The difference between a mark and a trademark, explained!

When I study “trademarks,” I often see the word “mark.”
How is a “mark” different from a “trademark”? What does “mark” mean?
A review of the Trademark Law will help you understand the definition of each term.
A “mark” is simply a “mark.

This article explains the meaning of “trademark” and “mark” and the differences between them.

For definitions, check Chapter I “General Provisions” of the Trademark Law.

The definitions of the words “mark” and “trademark” and their respective terms can be found in the article of the Trademark Law.

What is a “Trademark”?

Check the Article 2 of the Trademark Law. There, the definition of “trademark” is provided.

Briefly, the definition of a trademark is as follows;

  1. a character, figure, symbol, three-dimensional shape or color, or a combination thereof, among those recognizable by human perception
  2. used by a person who produces goods or provides services in the course of trade, in connection with the goods or services

What is a “Mark”?

The definition of a mark is included in the definition of a trademark above.
In other words, a “mark” is anything that can be recognized by human perception, including
“a letter, figure, symbol, three-dimensional shape or color, or a combination thereof, a sound, etc.”
or combination thereof, sound, etc.

Difference between “trademark” and “mark

A “mark” is simply the mark itself.
A “mark” used for goods or services is a “trademark”.

What is “use” of a trademark?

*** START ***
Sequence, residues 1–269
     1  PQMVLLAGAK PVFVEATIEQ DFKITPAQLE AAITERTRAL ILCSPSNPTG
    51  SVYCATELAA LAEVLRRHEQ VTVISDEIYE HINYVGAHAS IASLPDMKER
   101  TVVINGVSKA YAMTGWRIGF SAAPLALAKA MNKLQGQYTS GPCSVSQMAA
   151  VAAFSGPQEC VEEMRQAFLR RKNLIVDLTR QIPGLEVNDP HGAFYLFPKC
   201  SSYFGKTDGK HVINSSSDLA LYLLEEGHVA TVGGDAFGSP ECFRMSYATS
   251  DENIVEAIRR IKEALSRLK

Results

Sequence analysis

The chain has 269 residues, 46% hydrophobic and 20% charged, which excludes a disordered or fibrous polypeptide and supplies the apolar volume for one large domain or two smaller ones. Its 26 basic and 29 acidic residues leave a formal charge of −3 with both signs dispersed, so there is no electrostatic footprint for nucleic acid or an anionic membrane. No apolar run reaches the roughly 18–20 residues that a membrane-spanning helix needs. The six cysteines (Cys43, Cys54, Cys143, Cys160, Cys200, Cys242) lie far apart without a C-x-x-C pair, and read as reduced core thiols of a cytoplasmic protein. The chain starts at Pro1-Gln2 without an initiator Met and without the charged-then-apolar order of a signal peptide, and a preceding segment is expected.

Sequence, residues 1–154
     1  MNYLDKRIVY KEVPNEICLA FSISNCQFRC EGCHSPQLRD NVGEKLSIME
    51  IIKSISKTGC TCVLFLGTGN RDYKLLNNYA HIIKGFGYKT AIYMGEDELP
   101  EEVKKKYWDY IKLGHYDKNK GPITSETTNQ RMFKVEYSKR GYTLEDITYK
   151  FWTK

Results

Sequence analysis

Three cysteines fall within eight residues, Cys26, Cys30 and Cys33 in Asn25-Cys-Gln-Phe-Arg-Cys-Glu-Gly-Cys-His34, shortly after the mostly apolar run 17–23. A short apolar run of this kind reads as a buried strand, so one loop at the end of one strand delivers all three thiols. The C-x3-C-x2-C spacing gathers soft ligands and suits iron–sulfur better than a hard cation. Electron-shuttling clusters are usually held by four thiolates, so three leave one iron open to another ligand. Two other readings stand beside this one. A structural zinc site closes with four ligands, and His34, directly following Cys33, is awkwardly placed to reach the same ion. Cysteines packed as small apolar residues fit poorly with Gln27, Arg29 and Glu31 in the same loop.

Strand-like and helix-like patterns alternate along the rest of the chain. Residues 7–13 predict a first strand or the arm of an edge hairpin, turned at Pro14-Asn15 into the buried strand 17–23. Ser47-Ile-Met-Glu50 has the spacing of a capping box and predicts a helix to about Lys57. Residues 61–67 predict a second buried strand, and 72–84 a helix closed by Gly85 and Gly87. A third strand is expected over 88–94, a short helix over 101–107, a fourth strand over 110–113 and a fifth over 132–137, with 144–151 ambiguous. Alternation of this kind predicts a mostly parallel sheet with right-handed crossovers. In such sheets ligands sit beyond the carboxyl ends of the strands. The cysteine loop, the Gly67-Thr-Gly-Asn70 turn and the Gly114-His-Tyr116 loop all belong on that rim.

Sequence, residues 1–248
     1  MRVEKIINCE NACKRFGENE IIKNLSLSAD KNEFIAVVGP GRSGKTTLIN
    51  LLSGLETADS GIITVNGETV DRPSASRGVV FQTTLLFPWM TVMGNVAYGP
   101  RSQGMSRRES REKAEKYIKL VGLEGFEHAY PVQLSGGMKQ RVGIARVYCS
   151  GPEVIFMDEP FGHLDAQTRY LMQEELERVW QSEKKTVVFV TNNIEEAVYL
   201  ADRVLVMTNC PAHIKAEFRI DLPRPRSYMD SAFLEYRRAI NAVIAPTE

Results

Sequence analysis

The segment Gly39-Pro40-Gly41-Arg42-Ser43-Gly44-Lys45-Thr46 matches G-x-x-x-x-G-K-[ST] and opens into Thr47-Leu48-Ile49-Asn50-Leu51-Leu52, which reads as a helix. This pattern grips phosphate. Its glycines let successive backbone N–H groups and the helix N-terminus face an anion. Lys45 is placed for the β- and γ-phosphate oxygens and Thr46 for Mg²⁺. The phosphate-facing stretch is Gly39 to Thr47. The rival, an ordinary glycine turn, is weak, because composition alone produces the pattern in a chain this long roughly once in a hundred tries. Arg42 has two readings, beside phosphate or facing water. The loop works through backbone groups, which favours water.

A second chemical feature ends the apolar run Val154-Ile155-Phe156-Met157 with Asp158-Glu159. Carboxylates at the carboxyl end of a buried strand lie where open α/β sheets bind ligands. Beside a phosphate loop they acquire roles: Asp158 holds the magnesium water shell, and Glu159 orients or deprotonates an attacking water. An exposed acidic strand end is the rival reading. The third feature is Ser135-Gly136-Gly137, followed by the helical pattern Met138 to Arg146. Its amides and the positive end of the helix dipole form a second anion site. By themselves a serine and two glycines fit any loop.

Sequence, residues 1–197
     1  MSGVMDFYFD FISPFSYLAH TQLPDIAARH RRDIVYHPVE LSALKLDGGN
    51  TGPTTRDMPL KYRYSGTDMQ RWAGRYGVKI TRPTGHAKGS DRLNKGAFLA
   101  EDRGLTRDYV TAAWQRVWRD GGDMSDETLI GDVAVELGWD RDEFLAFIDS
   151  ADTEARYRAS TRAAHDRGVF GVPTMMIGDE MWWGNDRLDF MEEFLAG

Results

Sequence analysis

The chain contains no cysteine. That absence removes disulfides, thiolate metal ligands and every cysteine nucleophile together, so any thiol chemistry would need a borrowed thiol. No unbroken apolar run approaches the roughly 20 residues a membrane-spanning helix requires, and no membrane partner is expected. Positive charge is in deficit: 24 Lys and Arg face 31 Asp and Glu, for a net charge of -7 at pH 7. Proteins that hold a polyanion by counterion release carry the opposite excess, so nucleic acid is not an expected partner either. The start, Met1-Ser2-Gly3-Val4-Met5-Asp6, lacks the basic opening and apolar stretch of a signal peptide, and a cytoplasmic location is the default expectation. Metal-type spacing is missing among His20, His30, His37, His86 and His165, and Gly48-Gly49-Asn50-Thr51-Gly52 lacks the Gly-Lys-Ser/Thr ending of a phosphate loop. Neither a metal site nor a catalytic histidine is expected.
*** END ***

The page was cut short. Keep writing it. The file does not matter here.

The “use” of a trademark is defined in Article 2 of the Trademark Law.

Simply put, for example

a. The display of the trademark on goods or product packaging or the sale of such goods.
b. Attaching the trademark to uniforms used in the service industry.
c. Attaching the trademark to advertisements for products and distributing them, or having the trademark displayed on websites and advertising pages.

If the name of the new product is displayed on the package of the product or on the advertising material, it will be considered as “use” of the trademark.

The “goods” and “services” referred to here are the “goods” and “services” that were designated when the trademark application was filed.

Therefore, simply describing a registered trademark, regardless of the product for which the trademark is registered, does not constitute “use” of the trademark.
In addition, since a trademark is used in the course of business by a business person who produces and sells products or provides services, personal use of the trademark without regard to the business does not constitute “use” of the trademark.

So a “mark” is just a mark? So, if a company has created a mark, but the designated product has not yet been decided upon, and the mark is in the process of being discussed with a patent office or patent attorney, then it would be correct to call the mark a “mark” rather than a “trademark”?
Yes, it is. A proper understanding of the terms that frequently appear in trademark law is necessary for a proper understanding of trademark law.
Indeed. I’ll have to get the terms and clauses defined in the Trademark Act right before I go into practice!


In this issue, we explained the meaning of “trademark” and “mark” and the difference between them.

In addition to this, the Amazing DX guide article on this website explains the trademark system and procedures for obtaining rights, as well as the requirements for registration and the meaning of terms in an easy-to-understand manner. First, try entering a keyword in the search field! You will find many articles you would like to read.
If you are interested in learning more about trademarks, feel free to browse our guide articles!

Also, feel free to contact us to discuss your trademark application to registration!

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Supervisor for the article:
Osaka Legal Strategy Department General Manager Akinori HACHIYA
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